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Tuesday, 26 June 2012

England: Isn't it nice to have no excuses?


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  Sqf Heaney

Since what appears to be forever, ‘never’ has plagued the England national team. Our bordering on cruel failure to hit the net from 12 yards; our ability to royally screw ourselves over; the way we perpetuate heroes just to contradict ourselves when they do not fulfil the prophecies we cultivated for them. Something always seems to prevent us from drinking from the same pool of success which brought us the win in 1966.

There are no easy, simplistic rides for England. Anarchy or false promise rules the day and threatens to rule the forthcoming years if we do not learn from a refreshing humility which helped us overachieve to the quarter-finals this year.

Because of the extremity of emotions, excuses also rule the darkest days. When England lose the excuses are whipped out with a blistering, whirlwind pace that would leave Theo Walcott biting the dust. It is typical of the English mindset to inculcate a lack of responsibility post-tournament; perhaps it is typical of most humans. To blame others is natural. It is a product of anger and frustration; annoyance at losing what one dreamed they could win. Yet though it may be natural, it is also detrimental to England’s chances of progression. It used to be (I hope) an near-obsession in our country.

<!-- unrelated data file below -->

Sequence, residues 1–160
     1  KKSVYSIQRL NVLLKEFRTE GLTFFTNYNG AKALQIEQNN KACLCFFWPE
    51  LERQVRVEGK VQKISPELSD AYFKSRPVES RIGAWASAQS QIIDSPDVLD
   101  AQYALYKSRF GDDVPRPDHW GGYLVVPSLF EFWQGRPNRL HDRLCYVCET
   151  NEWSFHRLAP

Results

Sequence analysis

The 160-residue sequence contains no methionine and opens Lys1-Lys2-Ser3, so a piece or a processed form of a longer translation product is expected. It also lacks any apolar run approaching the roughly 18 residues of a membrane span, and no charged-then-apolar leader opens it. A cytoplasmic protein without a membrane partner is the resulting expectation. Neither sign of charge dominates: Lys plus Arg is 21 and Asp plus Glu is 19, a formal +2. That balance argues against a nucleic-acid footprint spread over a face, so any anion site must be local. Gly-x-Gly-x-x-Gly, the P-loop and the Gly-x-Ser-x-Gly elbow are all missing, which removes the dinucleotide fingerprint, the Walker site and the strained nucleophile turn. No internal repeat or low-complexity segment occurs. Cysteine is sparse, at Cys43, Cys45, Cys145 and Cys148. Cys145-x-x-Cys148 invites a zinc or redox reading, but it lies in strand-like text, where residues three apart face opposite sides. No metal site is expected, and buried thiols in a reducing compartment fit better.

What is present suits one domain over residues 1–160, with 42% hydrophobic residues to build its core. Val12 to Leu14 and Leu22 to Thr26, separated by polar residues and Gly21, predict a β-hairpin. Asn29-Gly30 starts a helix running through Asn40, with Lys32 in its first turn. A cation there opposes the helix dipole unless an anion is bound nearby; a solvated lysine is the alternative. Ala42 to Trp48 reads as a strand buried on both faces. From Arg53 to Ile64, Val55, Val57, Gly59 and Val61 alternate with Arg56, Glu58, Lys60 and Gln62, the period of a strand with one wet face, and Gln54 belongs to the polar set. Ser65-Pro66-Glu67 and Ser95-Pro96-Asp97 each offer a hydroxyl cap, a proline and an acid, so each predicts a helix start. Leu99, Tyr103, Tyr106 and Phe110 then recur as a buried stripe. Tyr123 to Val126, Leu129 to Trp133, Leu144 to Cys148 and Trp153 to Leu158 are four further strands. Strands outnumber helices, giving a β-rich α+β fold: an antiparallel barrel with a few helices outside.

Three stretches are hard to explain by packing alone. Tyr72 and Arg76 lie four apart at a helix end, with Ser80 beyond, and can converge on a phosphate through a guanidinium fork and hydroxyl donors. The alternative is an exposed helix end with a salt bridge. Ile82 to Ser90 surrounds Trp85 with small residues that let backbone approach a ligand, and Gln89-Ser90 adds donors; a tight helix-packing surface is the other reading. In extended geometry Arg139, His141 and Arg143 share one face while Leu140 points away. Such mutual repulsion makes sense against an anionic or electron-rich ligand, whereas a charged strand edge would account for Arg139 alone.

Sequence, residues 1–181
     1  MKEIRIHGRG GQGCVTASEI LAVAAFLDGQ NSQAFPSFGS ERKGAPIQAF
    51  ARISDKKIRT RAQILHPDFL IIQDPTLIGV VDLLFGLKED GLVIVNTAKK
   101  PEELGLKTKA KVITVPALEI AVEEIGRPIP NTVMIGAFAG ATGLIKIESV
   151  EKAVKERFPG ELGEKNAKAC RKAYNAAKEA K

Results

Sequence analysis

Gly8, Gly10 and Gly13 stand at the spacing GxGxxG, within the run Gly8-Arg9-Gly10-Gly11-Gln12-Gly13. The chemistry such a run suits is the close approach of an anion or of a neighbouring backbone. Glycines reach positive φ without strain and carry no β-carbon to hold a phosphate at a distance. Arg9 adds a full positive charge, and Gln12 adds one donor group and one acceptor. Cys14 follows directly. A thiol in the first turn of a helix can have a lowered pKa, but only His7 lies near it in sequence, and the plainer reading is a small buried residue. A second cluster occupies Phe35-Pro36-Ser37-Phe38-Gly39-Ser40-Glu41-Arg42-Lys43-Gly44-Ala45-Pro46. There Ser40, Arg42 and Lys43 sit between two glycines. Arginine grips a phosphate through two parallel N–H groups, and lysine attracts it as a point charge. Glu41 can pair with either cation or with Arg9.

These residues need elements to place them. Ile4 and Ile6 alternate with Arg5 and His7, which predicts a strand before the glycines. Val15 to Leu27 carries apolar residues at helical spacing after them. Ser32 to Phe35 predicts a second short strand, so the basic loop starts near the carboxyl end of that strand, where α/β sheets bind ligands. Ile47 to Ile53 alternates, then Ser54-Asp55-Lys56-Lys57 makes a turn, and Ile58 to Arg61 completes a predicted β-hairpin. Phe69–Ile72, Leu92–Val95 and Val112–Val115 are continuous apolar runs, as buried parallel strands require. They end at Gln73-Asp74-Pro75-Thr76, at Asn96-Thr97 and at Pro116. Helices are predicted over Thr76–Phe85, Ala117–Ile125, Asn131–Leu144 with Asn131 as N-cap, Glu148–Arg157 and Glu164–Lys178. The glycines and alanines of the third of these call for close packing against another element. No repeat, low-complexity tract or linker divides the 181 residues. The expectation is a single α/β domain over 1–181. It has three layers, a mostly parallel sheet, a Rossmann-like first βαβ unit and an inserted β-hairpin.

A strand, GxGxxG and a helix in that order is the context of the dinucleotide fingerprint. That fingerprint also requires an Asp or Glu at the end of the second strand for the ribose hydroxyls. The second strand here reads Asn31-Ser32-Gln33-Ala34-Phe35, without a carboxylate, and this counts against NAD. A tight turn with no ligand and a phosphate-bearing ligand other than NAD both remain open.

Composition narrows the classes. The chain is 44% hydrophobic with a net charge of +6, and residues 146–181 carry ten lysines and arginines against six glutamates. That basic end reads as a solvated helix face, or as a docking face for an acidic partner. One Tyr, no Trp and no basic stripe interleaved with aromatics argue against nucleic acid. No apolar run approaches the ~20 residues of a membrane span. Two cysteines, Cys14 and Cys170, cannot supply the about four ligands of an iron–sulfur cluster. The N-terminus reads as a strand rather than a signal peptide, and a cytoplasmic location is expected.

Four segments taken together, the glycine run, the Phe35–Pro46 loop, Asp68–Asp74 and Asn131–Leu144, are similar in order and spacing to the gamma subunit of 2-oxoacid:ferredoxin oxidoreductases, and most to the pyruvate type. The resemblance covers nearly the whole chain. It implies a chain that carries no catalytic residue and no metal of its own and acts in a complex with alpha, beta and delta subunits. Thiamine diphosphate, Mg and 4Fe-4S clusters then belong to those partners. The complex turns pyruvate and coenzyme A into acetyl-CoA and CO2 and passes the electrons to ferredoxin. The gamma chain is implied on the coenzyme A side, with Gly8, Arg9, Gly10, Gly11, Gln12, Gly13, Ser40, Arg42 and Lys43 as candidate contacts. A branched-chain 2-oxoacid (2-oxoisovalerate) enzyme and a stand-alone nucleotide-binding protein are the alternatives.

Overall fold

A red card, a petulant flick by David Beckham, the injury Wayne Rooney received during Euro 2004, Sven Goran-Eriksson’s rather public, amorous behaviour and even the World Cup WAG’s who – apparently – distracted our boys sufficiently enough to see us fail. All excuses; all so transparent.

Nothing to do with being inferior. Nothing to do with overrating our stars. No, these excuses – even ones so frivolous as Cristiano Ronaldo’s wink when it was Wayne Rooney who nearly rendered Ricardo Carvalho infertile – are given absolute credence and even considered gospel by some of our more meat headed fans.

The ridiculousness of believing in such excuses is clear. Football by nature is unpredictable – sport by nature is unpredictable. If you were to check through history books or even YouTube, every side could produce an arm-long list of excuses which alleviate responsibility. Excuses are always available but it takes a stronger side – in fact a stronger nation – to rise above them and put their hands up. It was not her, his or the spaghetti monster’s fault. It was mine.

Goal line mistakes such as the one England suffered are even considered accurate excuses. Yes, England were cheated out of a goal but by attributing the whole fixture to that one moment of incompetence, we then ignore our incompetence. England were defensively ghastly against the Germans. They were disjointed and chaotic. Why were certain media outlets not considering that? If you want to blame just one thing, is a defence as thin as OJ Simpson’s not equally as valid?